Today’s episode addresses claims by the likes of Suze Orman, The White Coat Investor, and Clark Howard that financial advisors are a rip-off.
After 25 years in the industry, David can say without a doubt that not all financial advisors are created equal.
A good financial advisor will increase the likelihood that your retirement savings will last through life expectancy.
According to a Vanguard study, tapping into the services of a financial advisor could help you improve your results by as much as 3% points annually.
They can do so through three things: 1) By helping you stick to your plan and avoid making emotion-driven investments. 2) By setting you up with a sensible asset allocation that incorporates quarterly rebalancing. 3) Help you keep fees low by guiding you to low-fee alternatives.
David talks about the fact that most Americans don’t have a CPA and use software like TurboTax or services such as H&R Block to do their taxes. The problem with this is that these types of services are not paid or motivated to advise you on taxes you might pay on retirement distributions 20 or 30 years down the road.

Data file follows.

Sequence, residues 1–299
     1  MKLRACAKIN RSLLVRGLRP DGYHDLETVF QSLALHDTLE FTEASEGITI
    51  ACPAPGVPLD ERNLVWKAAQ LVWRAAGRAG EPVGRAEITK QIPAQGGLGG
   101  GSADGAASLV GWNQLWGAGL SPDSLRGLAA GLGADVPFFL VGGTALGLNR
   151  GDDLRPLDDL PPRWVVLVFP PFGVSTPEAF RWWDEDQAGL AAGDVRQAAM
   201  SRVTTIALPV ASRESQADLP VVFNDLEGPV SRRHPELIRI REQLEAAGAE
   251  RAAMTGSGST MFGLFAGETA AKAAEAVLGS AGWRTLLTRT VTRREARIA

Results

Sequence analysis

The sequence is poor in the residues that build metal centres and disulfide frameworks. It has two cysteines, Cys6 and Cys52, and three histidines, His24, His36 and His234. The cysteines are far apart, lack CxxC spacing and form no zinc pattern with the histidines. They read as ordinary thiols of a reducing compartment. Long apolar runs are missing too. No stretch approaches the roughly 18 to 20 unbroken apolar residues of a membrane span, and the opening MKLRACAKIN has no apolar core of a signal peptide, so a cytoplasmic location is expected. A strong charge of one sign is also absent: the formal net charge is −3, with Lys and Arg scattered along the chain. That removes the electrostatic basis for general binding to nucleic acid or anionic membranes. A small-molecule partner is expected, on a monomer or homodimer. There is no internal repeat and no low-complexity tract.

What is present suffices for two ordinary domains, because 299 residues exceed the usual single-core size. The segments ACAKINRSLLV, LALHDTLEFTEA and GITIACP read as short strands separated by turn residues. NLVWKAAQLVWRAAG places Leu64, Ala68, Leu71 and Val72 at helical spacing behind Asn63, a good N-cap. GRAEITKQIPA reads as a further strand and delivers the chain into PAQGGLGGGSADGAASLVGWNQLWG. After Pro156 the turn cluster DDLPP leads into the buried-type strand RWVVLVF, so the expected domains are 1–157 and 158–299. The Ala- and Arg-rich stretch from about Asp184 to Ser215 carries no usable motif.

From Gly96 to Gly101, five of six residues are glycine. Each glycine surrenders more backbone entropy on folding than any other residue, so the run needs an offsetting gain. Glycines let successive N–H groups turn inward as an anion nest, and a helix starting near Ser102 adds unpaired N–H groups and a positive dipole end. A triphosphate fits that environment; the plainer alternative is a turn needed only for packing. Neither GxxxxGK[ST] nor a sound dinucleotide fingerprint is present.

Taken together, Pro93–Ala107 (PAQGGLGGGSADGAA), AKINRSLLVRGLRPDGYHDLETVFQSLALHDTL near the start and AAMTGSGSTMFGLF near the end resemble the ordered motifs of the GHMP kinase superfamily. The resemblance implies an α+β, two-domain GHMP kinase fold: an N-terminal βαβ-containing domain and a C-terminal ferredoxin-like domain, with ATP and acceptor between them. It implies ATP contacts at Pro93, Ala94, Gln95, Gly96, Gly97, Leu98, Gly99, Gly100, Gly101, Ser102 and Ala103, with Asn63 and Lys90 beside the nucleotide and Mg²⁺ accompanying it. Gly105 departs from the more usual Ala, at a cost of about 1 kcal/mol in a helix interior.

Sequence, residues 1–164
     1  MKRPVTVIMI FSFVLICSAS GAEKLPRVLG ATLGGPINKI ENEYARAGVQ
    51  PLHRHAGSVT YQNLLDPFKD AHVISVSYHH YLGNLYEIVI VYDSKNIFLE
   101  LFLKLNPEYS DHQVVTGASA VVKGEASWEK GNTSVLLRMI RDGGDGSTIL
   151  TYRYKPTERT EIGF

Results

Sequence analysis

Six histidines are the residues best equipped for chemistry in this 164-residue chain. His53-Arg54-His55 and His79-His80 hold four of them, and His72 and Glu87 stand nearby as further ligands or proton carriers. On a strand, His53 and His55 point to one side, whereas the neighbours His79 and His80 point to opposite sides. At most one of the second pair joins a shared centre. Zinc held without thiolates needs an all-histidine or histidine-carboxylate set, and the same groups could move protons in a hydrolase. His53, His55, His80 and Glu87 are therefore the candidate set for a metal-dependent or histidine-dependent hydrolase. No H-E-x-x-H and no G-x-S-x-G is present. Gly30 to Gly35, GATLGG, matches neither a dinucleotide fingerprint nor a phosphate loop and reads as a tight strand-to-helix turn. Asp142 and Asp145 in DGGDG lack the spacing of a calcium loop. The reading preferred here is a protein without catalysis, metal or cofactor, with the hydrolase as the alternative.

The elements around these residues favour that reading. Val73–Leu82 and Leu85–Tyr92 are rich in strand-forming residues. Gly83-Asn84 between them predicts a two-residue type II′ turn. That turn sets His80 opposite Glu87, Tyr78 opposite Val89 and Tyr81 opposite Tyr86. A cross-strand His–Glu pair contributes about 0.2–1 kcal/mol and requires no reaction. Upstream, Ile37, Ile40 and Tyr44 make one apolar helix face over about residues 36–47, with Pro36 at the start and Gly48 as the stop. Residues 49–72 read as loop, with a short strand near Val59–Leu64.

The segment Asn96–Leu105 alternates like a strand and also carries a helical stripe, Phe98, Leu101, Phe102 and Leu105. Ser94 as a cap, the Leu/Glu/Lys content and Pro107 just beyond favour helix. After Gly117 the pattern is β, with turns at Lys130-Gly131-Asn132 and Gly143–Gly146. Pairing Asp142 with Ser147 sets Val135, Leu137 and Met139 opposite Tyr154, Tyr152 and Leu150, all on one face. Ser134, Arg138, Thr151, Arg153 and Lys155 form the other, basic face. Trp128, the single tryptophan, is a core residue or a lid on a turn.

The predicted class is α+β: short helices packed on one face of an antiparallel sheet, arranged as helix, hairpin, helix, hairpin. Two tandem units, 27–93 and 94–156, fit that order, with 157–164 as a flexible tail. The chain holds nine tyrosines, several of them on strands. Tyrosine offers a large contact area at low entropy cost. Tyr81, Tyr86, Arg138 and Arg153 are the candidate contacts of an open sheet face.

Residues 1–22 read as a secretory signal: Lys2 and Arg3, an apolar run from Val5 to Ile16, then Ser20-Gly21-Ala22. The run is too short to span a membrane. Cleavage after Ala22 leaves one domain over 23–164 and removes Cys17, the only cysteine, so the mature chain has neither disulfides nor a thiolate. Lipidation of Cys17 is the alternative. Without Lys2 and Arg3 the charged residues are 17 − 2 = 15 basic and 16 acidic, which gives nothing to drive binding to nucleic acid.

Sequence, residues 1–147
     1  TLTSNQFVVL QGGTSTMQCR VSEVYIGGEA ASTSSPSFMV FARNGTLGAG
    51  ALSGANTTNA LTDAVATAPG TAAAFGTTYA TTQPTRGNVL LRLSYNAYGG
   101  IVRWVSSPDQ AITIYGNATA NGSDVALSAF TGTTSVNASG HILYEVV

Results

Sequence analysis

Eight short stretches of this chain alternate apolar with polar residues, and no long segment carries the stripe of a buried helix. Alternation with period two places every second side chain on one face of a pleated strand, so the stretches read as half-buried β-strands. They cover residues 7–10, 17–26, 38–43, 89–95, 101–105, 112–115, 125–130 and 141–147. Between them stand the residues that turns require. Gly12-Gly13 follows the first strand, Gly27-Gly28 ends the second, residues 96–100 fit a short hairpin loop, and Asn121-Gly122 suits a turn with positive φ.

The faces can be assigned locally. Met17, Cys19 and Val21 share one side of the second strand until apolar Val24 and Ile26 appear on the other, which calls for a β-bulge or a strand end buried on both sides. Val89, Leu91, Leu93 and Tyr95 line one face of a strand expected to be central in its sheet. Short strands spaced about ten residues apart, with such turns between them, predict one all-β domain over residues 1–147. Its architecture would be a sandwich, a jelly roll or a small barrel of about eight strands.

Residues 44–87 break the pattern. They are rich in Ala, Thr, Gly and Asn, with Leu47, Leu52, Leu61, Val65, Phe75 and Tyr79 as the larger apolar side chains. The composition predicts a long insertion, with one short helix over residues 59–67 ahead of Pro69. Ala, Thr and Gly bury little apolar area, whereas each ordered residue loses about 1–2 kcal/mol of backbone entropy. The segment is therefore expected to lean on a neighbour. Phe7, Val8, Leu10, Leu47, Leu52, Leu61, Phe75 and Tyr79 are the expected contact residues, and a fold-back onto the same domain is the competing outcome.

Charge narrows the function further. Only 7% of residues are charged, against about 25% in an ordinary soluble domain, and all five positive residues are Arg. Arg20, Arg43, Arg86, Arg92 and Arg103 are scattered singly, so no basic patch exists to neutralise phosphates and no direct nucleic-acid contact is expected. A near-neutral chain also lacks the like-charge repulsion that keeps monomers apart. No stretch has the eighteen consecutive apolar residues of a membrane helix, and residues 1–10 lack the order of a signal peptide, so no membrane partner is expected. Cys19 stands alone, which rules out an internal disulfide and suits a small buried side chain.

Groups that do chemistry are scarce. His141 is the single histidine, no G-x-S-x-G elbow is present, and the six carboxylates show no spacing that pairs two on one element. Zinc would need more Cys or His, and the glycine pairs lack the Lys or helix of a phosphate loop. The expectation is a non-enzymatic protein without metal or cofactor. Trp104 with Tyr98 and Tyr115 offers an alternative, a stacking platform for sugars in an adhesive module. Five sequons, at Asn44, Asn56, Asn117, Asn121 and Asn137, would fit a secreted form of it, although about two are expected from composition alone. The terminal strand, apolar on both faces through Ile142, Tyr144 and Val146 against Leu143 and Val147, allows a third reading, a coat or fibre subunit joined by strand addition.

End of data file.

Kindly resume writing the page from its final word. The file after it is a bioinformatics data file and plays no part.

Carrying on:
CPAs themselves are not very motivated to save your taxes on your 401k IRA distributions, as their main goal is often to help you save on taxes today.
David shares three key things a good financial advisor can help you with: 1) to increase the rate of return on your investments. 2) to help you save on taxes at a time when you can least afford to pay them, like retirement. 3) to completely purge longevity risk from your retirement picture.
For David, a qualified financial advisor, through sophisticated retirement planning software, can help you anticipate what your tax burden might be years down the road and set up a plan that helps you maximize your after-tax cash flow in retirement.
David discusses the Longevity Risk, a situation in which investors go at it alone, seeking to neutralize longevity risk by attempting to follow the 4% Rule.
The 4% Rule states that if you never take out more than 4% of your retirement savings in a given year, you have a reasonably high chance that your nest egg will last through life expectancy.
The 4% Rule has recently been downgraded to the 3% Rule because some experts believed that the 4% Rule was built around overly optimistic and outdated variables.
For David, things aren’t as easy as they may appear because of what he calls the “Illusion of Liquidity.” Having money sitting around – as per the 3% Rule – can often lead to it being seen as an emergency fund or even a slush fund.
Mentioned in this episode:
David’s books: Power of Zero, Look Before Your LIRP, The Volatility Shield, Tax-Free Income for Life and The Infinity Code
PowerOfZero.com (free video series)
@mcknightandco on Twitter
@davidcmcknight on Instagram